[Mary E. Newton]
fields but a little while when they return to their great first source, pure as when springing from the peebles. So soon and so pure did your little boy return to God. The fond mother as she bends over her darling boy sees him become a man, useful and good and everyone loves him, but God who sees the end from the beginning wills otherwise and takes him to himself ere he has learned to [lisp] his holy name. But who can say that you have lost your boy? The disconsolate mother who knows nothing of the Redeemer who says ΓÇ£let the little ones come unto meΓÇ¥ may well sink under the unmitigated anguish of a bleeding heart as she sees the cold clods laid over her dear one. But you in all the fervency of a mothers love may still give your child away feeling that he will be happy, and that you will go to him. But NatureΓÇÖs grief is nonetheless hard to bear. Many trifles as you move about will echo the voice of your dear one, for a moment he will return, you will fold him in fond imagination to your bosom while you bestow again the purest of all earthly things - a mothers kiss. I have often wished that children so guileless and happy might never grow old and never die. Yet surely it is well that the little blossoms be given to God ere they be blighted by sin. But Mrs Newton my pen feels lame indeed. How gladly would I do anything that might serve you in your calamity. I am glad to perceive so much of Christian resignation in your letter. I trust that your husband has the same resignation and the same support you must not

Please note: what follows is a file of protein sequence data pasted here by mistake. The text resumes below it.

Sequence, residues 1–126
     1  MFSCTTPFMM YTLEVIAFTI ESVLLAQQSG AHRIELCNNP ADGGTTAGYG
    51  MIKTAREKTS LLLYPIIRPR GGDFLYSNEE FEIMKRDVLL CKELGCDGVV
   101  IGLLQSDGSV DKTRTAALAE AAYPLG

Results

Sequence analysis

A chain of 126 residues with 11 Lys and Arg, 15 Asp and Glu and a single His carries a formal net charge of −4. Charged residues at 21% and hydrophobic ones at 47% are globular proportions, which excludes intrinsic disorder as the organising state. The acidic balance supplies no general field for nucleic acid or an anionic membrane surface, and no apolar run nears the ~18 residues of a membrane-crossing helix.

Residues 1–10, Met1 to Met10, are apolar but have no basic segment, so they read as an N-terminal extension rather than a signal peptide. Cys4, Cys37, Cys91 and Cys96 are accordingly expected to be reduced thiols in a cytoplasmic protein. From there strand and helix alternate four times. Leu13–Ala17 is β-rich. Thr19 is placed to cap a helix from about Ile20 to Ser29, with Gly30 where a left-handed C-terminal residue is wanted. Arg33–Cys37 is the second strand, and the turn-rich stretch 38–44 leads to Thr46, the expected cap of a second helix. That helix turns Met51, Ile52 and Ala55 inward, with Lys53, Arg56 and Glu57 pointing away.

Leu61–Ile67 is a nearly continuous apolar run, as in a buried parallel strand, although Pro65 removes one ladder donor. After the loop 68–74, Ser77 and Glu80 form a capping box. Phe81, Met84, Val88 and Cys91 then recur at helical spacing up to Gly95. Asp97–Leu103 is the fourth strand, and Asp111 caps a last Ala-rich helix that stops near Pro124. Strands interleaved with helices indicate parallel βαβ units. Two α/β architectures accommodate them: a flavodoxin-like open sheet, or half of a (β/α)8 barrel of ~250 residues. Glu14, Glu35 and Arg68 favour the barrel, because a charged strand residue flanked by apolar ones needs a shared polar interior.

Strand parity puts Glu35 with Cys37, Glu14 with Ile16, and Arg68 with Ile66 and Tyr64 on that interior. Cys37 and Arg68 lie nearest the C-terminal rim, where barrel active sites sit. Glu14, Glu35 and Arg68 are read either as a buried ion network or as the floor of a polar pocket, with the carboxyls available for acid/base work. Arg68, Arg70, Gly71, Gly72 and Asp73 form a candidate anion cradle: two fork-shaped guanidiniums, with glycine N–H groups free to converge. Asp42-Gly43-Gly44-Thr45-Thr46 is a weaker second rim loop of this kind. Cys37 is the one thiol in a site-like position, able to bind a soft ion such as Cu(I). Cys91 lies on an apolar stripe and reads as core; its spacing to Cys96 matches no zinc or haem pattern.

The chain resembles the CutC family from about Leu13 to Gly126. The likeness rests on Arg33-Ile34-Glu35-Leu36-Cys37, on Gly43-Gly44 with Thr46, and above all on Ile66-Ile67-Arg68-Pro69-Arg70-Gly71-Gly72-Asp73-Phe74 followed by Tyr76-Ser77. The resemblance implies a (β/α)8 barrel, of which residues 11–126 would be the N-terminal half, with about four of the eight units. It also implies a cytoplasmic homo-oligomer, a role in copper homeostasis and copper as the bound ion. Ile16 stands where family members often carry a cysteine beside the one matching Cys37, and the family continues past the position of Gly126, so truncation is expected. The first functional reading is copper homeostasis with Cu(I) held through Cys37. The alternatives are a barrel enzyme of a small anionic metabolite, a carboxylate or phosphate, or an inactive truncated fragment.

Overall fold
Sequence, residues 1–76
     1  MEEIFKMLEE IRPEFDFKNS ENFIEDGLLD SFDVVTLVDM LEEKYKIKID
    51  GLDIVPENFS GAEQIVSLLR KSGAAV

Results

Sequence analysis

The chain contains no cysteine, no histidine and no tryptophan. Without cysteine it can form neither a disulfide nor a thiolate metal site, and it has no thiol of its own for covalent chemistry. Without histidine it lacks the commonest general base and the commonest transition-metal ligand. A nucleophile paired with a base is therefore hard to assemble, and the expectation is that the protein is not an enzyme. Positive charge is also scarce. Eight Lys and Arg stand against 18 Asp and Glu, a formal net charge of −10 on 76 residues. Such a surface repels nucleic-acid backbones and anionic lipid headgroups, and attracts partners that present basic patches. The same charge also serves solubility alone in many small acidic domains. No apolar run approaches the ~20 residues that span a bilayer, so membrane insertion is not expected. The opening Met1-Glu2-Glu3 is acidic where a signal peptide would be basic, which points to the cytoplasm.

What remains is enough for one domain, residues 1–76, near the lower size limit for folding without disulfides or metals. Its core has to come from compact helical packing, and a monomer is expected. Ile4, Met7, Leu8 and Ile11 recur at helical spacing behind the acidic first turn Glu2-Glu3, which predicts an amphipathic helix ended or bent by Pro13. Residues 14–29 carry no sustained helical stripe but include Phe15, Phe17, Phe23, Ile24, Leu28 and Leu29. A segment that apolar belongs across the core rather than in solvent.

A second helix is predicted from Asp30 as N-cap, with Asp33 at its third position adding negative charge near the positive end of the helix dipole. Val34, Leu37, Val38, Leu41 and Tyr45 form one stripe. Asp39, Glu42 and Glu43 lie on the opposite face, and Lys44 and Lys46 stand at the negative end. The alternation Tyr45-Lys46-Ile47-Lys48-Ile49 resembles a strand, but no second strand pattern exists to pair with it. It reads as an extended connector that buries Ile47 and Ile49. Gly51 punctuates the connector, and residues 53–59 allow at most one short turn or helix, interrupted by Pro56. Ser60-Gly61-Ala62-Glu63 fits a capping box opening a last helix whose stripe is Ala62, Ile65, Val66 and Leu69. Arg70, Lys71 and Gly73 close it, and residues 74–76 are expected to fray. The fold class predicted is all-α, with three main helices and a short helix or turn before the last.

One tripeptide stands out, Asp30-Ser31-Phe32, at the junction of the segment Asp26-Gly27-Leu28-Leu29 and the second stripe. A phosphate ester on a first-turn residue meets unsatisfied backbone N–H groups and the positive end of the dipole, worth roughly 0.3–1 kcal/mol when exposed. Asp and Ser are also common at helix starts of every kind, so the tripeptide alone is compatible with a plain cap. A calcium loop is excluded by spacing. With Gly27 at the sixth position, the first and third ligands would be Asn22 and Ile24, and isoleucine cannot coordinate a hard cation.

[Fountain Lake, Wisc.]
Original letter dimensions: 20 x 25 cm.
MSS 307 Muiriana
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1863 JM to Mrs Newton undated p2
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